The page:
Successful Urban Parks
March 18, 2007 9:35 AM   Subscribe

What are some good examples of successful, interesting urban parks? Particularly ones in higher crime areas.
posted by destro to Home & Garden (30 answers total) 4 users marked this as a favorite
Stanley Park in my native Vancouver is a much-loved feature of our city. I'm not sure if it fits the "higher crime" criteria, but it's definitely successful. I mean, we even have a Mefite who named him/herself after a popular feature of the park.
posted by good in a vacuum at 9:46 AM on March 18, 2007

Forest Park in St. Louis is the world's largest urban park.

Houston has Hermann Park and Memorial Park, both of which are extremely popular.

None of these are really in the hood, but I'd argue that's because having nice urban parks around drives up property values, attracts residents, etc.
posted by chrisamiller at 9:57 AM on March 18, 2007

On second look, it seems that Forest park may or may not be the world's largest, depending on how you define 'urban'. Either way, it's in the city, and it's big.
posted by chrisamiller at 9:58 AM on March 18, 2007

Belle Isle (an island park in the middle of the Detroit River) has a high crime rate and is extremely successful - when there's good weather out it's usually packed.
posted by ofthestrait at 10:12 AM on March 18, 2007

Dufferin Grove in Toronto is apparently filled with community activities and such, and is one of the less economically prosperous neighbourhoods.
posted by jacquilynne at 10:13 AM on March 18, 2007

Fairmount Park in Philadelphia. Technically "Fairmount Park" refers to the entire park system, but I mean the main park that runs on both sides of the Schuylkill river for four miles.
posted by The Michael The at 10:31 AM on March 18, 2007

How are you defining successful?
posted by Brandon Blatcher at 10:54 AM on March 18, 2007

Swope Park, in Kansas City, MO is not in the nicest part of town. Some might say its successful, since there are some nice attractions like a theater and the zoo. There have been some murders there, though, earning it a reputation as a dangerous place. Also, I was just in San Francisco. There are a lot of really nice parks there. Golden Gate Park and the Presidio are two of the larger ones. I went to Golden Gate. It is very nice. It seemed to be in a pretty nice area though.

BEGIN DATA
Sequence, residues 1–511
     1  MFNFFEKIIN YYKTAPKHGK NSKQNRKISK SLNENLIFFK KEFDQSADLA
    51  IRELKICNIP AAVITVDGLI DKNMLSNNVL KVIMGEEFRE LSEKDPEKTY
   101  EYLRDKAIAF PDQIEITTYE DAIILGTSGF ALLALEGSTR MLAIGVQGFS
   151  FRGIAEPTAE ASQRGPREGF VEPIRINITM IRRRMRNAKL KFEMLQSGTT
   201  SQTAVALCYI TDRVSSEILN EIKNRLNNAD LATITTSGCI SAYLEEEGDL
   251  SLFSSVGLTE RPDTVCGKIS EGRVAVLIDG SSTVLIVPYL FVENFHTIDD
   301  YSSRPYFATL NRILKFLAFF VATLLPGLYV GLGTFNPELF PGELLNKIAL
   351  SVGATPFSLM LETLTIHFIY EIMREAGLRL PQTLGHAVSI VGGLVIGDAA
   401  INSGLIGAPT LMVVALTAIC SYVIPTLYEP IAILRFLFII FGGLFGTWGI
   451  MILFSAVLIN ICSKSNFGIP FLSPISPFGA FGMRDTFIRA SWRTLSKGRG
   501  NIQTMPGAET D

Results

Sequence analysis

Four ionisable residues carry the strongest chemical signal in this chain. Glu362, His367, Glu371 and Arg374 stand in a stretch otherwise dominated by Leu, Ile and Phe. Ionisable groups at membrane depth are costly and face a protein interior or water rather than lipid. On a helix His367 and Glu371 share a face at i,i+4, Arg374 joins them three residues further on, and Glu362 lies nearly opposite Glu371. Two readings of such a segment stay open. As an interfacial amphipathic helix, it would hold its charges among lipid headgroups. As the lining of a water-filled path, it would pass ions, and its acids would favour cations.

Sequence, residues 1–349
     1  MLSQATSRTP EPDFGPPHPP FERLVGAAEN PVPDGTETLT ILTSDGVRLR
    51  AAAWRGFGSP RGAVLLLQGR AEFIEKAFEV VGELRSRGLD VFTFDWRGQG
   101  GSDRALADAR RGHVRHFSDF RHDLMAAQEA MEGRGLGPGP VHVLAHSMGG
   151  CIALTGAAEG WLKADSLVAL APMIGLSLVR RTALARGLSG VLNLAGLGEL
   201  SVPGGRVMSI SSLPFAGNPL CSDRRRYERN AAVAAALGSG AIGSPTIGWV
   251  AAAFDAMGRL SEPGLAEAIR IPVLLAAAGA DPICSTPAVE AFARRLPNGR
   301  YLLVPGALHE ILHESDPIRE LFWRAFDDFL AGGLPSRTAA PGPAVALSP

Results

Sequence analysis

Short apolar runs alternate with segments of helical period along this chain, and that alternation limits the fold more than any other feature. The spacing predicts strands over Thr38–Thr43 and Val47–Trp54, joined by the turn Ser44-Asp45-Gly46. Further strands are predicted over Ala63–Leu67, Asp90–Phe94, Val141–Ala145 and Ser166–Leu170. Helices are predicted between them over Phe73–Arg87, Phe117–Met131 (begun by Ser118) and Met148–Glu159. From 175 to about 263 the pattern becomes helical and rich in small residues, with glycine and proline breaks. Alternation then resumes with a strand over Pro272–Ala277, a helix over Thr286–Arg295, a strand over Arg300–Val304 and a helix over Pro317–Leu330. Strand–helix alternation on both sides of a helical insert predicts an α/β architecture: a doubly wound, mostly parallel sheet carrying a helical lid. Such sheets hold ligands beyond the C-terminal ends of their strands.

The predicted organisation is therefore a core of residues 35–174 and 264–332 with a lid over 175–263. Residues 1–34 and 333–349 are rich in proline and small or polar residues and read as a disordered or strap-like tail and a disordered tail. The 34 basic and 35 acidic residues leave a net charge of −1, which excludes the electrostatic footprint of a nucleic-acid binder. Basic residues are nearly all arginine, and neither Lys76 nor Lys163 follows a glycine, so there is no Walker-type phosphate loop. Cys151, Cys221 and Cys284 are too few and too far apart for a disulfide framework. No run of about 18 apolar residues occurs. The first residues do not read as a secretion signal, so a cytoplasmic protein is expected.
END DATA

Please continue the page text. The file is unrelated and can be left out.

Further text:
posted by gauchodaspampas at 11:11 AM on March 18, 2007

In Chicago, the two large parks in the higher-crime part of town are Washington Park and Jackson Park. Washington Park, in particular, is quite busy in the summer; it abuts the semi-affluent Hyde Park neighbourhood (home of the University of Chicago) to the east, and the poor, high-crime Washington Park neighbourhood to the west. Also, should Chicago be chosen to host the 2016 Olympics, the Olympic Stadium will be built there.
posted by Johnny Assay at 11:12 AM on March 18, 2007

London does a good job with this - Hampstead Heath in particular is a nice bit of Nature in the midst of urban action (they even have swimming hole style swim areas, as well as a "roman pool" or whatever they call the artificial one.)
posted by mdn at 11:19 AM on March 18, 2007

There are plenty in Paris. The Promenade Plantee is one of the more interesting.
posted by fire&wings at 11:55 AM on March 18, 2007

Well, I was looking for more on the smaller end of parks - something only a few blocks long - and not the larger Central Park-style, although I'm also curious to how those parks work as well.

As far as successful goes, just that it's not a crime den filled with garbage and maybe something interesting about it.
posted by destro at 12:06 PM on March 18, 2007